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Digital mania - a question of value

In the scramble to implement digital solutions, are we forgetting some of the basics?

Anthony RowbottomRight now, pharmaceutical marketing appears disproportionally focused on the digital, multi-channel or omni-channel (choose your company’s orthodoxy). It is a marketing mania that does not necessarily deliver to its full potential value.

As we learnt at our marketing mentor’s knee, marketing as a concept is fundamentally about value. The American Marketing Association defines it: “Marketing is the activity, set of institutions and processes for creating, communicating, delivering and exchanging offerings that have value for customers, clients, partners and society at large.”

I would argue that the current mania for digital at all costs is counter-productive, even damaging.

There, I said it.

Digital initiatives must measure up

Flicking through a recent pharma marketing report, I spotted something interesting: pharma spend on digital since 2017 has grown globally by up to 77%; spend on ‘traditional’, however, has flatlined.

What’s interesting is that while digital spend seems to be skyrocketing, the associated measurement of customer happiness is atrocious. So bad in fact, that the best Net Promoter Score (NPS) is a whopping -40% (minus!). Traditional channels fare much better with a mean across the companies of over 10%.

So what’s driving the relentless push for increased digital? Why are separate ‘digital departments’ being created and indeed, often favoured over other ways of working with our customers? And why don’t we measure our success in these areas by the only yardstick which counts - adding value to our customers?

Listening to patients is the only way to understand value

If you had a marketing budget burning a hole in your pocket, where would you invest?

Before saying ‘where I’d get the biggest ROI’, let’s remember what we’re trying to achieve. Which problem are we trying to solve? And more importantly, which value are we trying to provide to patients and their doctors? Do we really know how patients define ‘value’?

Unless we know the answers to these questions I would argue that any money spent risks being wasted.

Hearing what patients have to say, especially in the digital space using social media listening, is incredibly important if we want to understand whether we have succeeded in adding value. Expert techniques have moved us on from blunt-instrument sentiment analysis and keyword search to allow much better understanding of what patients value (and why).

In a recent project we helped a pharma company to view the success of its digital strategy from its patients’ point of view: when trying to answer treatment queries, multiple website page views is not a sign of success for many patients, but of confusion and frustration. Focusing on patient experience, our client made some simple changes and is now seeing a dramatic improvement in the value it delivers, and an uptick in ‘stay time’ on treatment.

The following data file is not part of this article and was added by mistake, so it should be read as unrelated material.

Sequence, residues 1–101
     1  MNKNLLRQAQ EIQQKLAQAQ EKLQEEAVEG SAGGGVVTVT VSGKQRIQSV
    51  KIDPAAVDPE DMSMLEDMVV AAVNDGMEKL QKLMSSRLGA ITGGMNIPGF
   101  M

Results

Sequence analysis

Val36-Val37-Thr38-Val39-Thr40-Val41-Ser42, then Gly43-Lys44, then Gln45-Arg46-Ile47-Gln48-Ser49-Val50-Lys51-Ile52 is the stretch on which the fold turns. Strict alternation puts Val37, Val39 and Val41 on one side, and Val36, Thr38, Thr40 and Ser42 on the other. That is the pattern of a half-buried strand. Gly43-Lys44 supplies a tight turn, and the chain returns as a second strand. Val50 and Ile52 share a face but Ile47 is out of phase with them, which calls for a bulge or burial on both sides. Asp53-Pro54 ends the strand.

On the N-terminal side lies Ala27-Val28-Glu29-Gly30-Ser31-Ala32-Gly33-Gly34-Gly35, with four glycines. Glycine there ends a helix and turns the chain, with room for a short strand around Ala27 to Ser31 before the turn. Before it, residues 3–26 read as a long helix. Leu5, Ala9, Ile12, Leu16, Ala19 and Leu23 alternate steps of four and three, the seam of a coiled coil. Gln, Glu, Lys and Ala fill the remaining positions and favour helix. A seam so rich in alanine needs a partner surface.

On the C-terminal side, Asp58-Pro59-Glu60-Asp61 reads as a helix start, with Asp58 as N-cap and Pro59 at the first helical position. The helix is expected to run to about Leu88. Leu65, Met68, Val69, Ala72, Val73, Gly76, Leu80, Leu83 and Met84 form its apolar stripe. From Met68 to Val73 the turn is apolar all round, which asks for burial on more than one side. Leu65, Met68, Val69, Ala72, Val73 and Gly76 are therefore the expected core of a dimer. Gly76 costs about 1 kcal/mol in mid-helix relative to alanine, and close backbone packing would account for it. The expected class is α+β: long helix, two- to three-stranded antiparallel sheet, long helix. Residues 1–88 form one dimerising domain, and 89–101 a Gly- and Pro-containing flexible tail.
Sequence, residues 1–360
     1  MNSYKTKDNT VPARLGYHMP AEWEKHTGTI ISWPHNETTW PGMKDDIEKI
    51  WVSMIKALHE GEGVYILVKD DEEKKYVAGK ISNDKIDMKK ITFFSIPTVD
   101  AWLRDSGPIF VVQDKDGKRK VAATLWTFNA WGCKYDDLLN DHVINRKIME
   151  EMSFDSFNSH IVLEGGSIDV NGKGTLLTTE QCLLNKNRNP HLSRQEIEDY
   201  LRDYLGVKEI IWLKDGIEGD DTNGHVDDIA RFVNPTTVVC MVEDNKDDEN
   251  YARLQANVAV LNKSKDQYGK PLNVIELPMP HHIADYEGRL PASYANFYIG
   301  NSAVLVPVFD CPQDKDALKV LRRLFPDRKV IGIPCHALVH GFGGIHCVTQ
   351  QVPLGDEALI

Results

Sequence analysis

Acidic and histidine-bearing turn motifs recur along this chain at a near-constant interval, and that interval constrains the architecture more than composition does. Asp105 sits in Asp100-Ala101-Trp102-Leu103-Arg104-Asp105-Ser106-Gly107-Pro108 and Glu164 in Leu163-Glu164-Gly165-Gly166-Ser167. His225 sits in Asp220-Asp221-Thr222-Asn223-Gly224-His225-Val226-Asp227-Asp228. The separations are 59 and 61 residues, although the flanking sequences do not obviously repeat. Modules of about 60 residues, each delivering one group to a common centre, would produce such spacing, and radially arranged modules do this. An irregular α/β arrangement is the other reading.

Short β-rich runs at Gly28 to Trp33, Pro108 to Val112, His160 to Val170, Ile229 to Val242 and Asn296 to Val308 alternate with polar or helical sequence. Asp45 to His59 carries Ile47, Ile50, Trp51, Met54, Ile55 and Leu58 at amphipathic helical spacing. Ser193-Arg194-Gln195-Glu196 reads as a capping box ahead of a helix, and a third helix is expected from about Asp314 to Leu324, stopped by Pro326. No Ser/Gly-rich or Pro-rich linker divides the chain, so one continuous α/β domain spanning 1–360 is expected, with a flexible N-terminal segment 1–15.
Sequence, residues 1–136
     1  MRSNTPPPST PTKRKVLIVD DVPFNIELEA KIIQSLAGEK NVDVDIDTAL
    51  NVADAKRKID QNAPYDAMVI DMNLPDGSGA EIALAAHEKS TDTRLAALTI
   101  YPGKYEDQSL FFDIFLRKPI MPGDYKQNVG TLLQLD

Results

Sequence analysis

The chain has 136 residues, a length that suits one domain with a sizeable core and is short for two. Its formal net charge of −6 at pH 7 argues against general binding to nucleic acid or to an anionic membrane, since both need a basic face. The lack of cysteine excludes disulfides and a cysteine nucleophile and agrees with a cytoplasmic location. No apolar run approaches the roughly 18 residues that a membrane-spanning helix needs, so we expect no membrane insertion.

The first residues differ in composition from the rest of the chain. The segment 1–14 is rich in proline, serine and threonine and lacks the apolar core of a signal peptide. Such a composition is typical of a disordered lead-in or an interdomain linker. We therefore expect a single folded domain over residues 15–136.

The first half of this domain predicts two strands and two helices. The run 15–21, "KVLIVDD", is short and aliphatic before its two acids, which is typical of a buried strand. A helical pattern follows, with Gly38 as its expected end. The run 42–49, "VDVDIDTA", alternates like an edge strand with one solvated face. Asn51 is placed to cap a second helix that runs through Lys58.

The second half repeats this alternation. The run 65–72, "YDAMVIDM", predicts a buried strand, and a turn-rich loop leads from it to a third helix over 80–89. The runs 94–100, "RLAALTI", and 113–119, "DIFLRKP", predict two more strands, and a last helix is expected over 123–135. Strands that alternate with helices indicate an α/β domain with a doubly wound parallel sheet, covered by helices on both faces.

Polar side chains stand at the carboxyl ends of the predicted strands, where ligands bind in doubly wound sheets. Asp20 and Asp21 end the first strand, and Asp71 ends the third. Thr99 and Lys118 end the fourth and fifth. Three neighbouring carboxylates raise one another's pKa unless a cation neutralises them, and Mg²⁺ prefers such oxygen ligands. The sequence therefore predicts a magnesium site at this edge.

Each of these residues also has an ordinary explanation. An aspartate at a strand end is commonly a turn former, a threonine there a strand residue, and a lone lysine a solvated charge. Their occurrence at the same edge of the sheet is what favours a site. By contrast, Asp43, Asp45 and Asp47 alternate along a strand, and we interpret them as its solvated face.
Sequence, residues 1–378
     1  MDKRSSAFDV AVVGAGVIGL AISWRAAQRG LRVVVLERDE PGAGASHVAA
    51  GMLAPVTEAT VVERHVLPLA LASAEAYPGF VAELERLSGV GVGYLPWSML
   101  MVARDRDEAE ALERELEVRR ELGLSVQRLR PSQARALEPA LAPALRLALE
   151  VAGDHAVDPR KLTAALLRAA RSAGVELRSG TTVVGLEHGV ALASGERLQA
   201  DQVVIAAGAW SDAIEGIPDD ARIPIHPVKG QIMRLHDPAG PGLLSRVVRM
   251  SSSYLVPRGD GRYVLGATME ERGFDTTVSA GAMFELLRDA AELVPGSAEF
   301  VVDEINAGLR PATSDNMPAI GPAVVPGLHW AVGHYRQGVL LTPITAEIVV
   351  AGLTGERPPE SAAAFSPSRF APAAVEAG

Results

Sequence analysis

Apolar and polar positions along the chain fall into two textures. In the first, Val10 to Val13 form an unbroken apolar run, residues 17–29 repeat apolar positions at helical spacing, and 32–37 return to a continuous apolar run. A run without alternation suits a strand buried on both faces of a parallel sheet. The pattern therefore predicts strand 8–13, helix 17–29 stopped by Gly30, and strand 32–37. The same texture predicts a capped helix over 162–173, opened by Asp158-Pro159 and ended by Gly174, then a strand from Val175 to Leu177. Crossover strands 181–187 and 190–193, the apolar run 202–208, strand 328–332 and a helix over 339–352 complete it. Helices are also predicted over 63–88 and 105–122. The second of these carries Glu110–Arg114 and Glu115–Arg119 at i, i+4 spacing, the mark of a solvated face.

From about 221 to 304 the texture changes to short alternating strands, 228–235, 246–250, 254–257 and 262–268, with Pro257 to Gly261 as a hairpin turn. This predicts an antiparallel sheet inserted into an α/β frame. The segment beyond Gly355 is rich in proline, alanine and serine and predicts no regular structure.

Delivering real value is about choices

I personally had a ‘lightbulb moment’ reading Greg McKeown’s 2014 book Essentialism: The Disciplined Pursuit of Less.

McKeown describes beautifully the pursuit of less. Not ‘less’ outcome (the exact opposite, in fact) but ‘less’ choice - making each activity deliver exponentially more value, by focusing our energy on the priority and removing activities that do not directly contribute to it.

Over time, our work has shown us that a key step is creating internal agreement on this, the priority outcome, first. Then and only then is it time to start considering solutions - solutions that are truly valuable for patients and that align with what we want to achieve. Sounds obvious but how much time do any of us spend on this when we hear those siren words ‘we need a digital strategy’?

Earlier this year, we were lucky enough to work with a great client who recognised this - rather than focus on digital tactics, we helped the global team unite behind the value they wanted to deliver to patients, regardless of channel. This resulted in purpose and focus. Not only could the client generate a simple-to-execute digital plan, including an exciting e-health solution, but they also progressed their thinking on the value their therapies could provide to patients. Less digital noise, more investment in answers to patients’ issues.

So despite the strong initial temptation to dive into the digital solution, it’s better to focus on the value in addressing a customer need - and then, how can the use of our digital expertise best support this? A shift in the digital mind set indeed.

And let’s not even start thinking about blockchain solution implications (sorry!).

Anthony Rowbottom, research director and head of digital and innovation at Branding Science EU, has been active in the healthcare industry for 15 years - follow him on Twitter: @Arowbottom

In association with

Branding Science

15th March 2018

From: Marketing



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